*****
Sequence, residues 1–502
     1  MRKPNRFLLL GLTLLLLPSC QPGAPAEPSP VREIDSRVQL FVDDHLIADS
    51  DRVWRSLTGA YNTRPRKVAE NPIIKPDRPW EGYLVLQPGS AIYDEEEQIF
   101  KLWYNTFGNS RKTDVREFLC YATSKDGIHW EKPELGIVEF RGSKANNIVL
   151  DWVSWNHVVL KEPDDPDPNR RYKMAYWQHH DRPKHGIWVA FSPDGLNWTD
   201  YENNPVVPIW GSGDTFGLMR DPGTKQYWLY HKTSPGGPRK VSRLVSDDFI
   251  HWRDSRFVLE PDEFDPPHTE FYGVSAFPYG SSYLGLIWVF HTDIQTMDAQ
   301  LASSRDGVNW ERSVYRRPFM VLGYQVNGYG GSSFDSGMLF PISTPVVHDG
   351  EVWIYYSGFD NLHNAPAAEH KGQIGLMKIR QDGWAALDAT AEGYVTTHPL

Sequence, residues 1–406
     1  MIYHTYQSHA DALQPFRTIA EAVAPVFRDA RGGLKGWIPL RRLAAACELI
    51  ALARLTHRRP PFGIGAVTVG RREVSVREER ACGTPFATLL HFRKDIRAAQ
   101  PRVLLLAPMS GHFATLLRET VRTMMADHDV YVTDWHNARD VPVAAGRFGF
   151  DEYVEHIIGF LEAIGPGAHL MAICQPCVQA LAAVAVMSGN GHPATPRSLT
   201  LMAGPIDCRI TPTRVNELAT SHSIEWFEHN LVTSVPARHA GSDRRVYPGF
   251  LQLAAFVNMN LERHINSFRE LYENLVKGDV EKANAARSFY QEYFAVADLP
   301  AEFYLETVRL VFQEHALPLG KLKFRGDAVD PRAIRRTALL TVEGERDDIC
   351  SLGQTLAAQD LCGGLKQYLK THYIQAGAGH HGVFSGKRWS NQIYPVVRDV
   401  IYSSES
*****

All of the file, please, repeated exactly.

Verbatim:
Sequence, residues 1–502
     1  MRKPNRFLLL GLTLLLLPSC QPGAPAEPSP VREIDSRVQL FVDDHLIADS
    51  DRVWRSLTGA YNTRPRKVAE NPIIKPDRPW EGYLVLQPGS AIYDEEEQIF
   101  KLWYNTFGNS RKTDVREFLC YATSKDGIHW EKPELGIVEF RGSKANNIVL
   151  DWVSWNHVVL KEPDDPDPNR RYKMAYWQHH DRPKHGIWVA FSPDGLNWTD
   201  YENNPVVPIW GSGDTFGLMR DPGTKQYWLY HKTSPGGPRK VSRLVSDDFI
   251  HWRDSRFVLE PDEFDPPHTE FYGVSAFPYG SSYLGLIWVF HTDIQTMDAQ
   301  LASSRDGVNW ERSVYRRPFM VLGYQVNGYG GSSFDSGMLF PISTPVVHDG
   351  EVWIYYSGFD NLHNAPAAEH KGQIGLMKIR QDGWAALDAT AEGYVTTHPL

Sequence, residues 1–406
     1  MIYHTYQSHA DALQPFRTIA EAVAPVFRDA RGGLKGWIPL RRLAAACELI
    51  ALARLTHRRP PFGIGAVTVG RREVSVREER ACGTPFATLL HFRKDIRAAQ
   101  PRVLLLAPMS GHFATLLRET VRTMMADHDV YVTDWHNARD VPVAAGRFGF
   151  DEYVEHIIGF LEAIGPGAHL MAICQPCVQA LAAVAVMSGN GHPATPRSLT
   201  LMAGPIDCRI TPTRVNELAT SHSIEWFEHN LVTSVPARHA GSDRRVYPGF
   251  LQLAAFVNMN LERHINSFRE LYENLVKGDV EKANAARSFY QEYFAVADLP
   301  AEFYLETVRL VFQEHALPLG KLKFRGDAVD PRAIRRTALL TVEGERDDIC
   351  SLGQTLAAQD LCGGLKQYLK THYIQAGAGH HGVFSGKRWS NQIYPVVRDV
   401  IYSSES